A Literal Case of Textbook Plagiarism

Earlier this week, the website Anime Senpai reported an unusual case of plagiarism that involves both the Bolivian Ministry of Education and the artwork for at least four popular animes. 

The issue revolves around a series of textbooks published by the Ministry of Education and reportedly distributed to approximately 1.1 million students in the country. 

According to the reports, textbooks distributed to third, fourth, fifth and sixth grade students in the country featured cover artwork that was, at least in part, traced from popular anime works.

For example, the third grade book is similar to the cover image for the anime Your Lie in April, the fourth grade book was similar to the cover of Weathering With You and so on.

The Bolivian Ministry of Education has acknowledged the plagiarism. According to the country’s Minister of Education, the plagiarism was committed by an artist that the government hired for this project.

Though the government said that they are considering legal action and “disciplinary measures” against the artist(s), they stopped short of ordering a recall of the books, saying that the content itself is not problematic.

While that may be true, the story does put a very unfavorable and very unfair blight on those textbooks, something that could easily send the wrong message to the students they are supposed to help teach.

Understanding the Plagiarism 

The plagiarism itself is fairly straightforward. The artist (or artists) that worked on these covers clearly used the anime art as a template for their creations.

To be clear, the plagiarism isn’t exact. The textbooks have the characters in very different outfits and often have their appearances changed in a variety of ways. 

For example, almost all of the characters feature different outfits and also feature changes in hairstyle, hair color and facial expression. 

Image Source: Anime Senpai

However, one only has to look at the posing, structure and layout of the drawings to see the similarities. They all feature the same number of characters standing in largely the same positions and in very similar poses.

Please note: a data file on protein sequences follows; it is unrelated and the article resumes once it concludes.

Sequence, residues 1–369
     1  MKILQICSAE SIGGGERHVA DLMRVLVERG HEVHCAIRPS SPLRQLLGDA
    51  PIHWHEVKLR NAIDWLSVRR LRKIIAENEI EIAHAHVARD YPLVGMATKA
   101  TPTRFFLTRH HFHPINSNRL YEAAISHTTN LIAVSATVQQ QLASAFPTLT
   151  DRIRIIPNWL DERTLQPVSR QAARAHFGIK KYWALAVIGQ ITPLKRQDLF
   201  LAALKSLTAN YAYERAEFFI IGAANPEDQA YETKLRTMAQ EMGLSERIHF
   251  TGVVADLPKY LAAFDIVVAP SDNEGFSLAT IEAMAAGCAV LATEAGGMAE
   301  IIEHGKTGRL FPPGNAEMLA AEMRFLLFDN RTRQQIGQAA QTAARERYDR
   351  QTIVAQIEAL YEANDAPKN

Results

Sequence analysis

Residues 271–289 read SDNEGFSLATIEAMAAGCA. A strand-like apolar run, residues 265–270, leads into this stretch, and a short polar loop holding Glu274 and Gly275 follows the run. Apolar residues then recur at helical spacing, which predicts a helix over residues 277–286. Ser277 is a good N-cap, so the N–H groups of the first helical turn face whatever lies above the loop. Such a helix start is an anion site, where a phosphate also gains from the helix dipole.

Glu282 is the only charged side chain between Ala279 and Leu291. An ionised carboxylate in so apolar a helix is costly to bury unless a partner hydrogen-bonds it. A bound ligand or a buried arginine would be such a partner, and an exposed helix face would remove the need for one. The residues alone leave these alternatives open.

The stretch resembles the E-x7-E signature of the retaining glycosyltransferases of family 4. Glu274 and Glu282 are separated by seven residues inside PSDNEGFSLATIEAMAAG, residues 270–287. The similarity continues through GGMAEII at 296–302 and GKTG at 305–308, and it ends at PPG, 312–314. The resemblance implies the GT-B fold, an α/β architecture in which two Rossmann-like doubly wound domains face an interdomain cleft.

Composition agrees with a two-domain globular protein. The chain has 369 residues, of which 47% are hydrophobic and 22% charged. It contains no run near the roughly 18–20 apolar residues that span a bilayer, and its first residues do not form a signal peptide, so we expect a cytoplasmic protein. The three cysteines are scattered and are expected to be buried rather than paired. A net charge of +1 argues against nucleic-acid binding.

When one looks closer at the images, it’s clear that some elements were traced and others were redrawn. However, there’s not much denying that the anime images were used as sources and that many elements from those images come through in the textbook covers.

If this issue sounds familiar, it’s probably because we just looked at a similar kind of tracing in the work of Roy Lichtenstein. Much of his most famous art was literally traced and modified from panels in comic books, which were seen as “low art” at the time. 

However, rather than tracing from unknown artists as Lichtenstein did, the artist of these images traced from the cover art of some of the most popular animes. Given the global reach of anime as an art form, this was a plagiarism that was almost guaranteed to be found out.

Now that it has, the Ministry of Education is in a difficult position. They have to figure out what, if anything, they should do about the issue.

What The Ministry of Education Should Do

The Ministry of Education has to make two decisions:

  1. What Should They Do with the Artist? How to respond to the artist(s) that created the images.
  2. Whether to Recall the Books? Whether this issue justifies or necessitates the recall of all printed and distributed books.